Some women with a pelvic organ prolapse don't have any symptoms and the condition is only discovered during an internal examination for another reason, such as a cervical screening. See your GP if you have any of the symptoms of a prolapse, or if you notice a lump in or around your vagina. Your doctor will need to carry out an internal pelvic examination. They'll ask you to undress from the waist down and lie back on the examination bed, while they feel for any lumps in your pelvic area. Some women may put off going to their GP if they're embarrassed or worried about what the doctor may find. However, the examination is important, only takes a few minutes and is similar to having a smear test. For example, a small tube catheter may be inserted into your bladder to examine your bladder function and identify any leakage problems.
Test your knowledge
Victorian government portal for older people, with information about government and community services and programs. Type a minimum of three characters then press UP or DOWN on the keyboard to navigate the autocompleted search results. The uterus womb is an organ of the female reproductive system. It is shaped like an upside down pear and is located inside the pelvis. The uterus, bladder and bowel are supported by a hammock of muscles located between the tailbone coccyx and the pubic bone within the pelvis.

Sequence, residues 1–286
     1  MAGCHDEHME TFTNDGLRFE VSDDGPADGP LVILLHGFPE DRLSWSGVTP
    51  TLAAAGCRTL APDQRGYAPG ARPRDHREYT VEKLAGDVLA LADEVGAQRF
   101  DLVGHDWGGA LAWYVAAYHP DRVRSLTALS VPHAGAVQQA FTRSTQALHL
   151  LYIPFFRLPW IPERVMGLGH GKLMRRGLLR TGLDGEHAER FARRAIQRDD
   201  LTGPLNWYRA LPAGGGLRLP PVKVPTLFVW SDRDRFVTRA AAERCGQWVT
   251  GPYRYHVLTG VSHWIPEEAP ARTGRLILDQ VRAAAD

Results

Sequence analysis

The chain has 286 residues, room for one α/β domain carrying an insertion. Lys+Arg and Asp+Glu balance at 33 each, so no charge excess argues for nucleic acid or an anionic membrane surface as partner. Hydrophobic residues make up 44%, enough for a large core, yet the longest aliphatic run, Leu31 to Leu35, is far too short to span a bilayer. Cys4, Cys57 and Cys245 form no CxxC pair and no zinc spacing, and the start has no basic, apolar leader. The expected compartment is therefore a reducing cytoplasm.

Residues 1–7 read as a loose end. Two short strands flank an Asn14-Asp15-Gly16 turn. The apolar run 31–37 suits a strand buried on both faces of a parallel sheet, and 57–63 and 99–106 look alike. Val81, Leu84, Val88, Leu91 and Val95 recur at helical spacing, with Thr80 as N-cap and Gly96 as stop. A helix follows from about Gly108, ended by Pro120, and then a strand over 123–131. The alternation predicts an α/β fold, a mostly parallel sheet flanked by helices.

A more recent article on pelvic ogran prolapse is available. Patient information : See related handout on pelvic organ prolapse , written by the authors of this article. Pelvic organ prolapse, or genital prolapse, is the descent of one or more of the pelvic structures bladder, uterus, vagina from the normal anatomic location toward or through the vaginal opening. Women of all ages may be affected, although pelvic organ prolapse is more common in older women. The cause is a loss of pelvic support from multiple factors, including direct injury to the levator ani, as well as neurologic injury from stretching of the pudendal nerves that may occur with vaginal childbirth. Previous hysterectomy for pelvic organ prolapse; ethnicity; and an increase in intra-abdominal pressure from chronic coughing, straining with constipation, or repeated heavy lifting may contribute.
Pelvic organ prolapse involve a dropping down prolapse of the bladder, urethra, small intestine, rectum, uterus, or vagina caused by weakness of or injury to the ligaments, connective tissue, and muscles of the pelvis. Women may feel pressure that feels as if something is bulging out of their vagina or they are sitting on a ball, have a sense of fullness in their pelvis, or have problems with urination or bowel movements. Pelvic organ prolapse occurs only in women and become more common as women age. During their lifetime, about 1 of 11 women needs surgery for pelvic organ prolapse.